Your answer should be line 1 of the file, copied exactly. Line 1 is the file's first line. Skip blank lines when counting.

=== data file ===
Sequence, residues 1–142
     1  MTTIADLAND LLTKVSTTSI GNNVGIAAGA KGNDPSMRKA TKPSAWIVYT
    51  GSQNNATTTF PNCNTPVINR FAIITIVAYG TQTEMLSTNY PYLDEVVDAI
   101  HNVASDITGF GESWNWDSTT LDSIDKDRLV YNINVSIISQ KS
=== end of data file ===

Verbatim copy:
Sequence, residues 1–142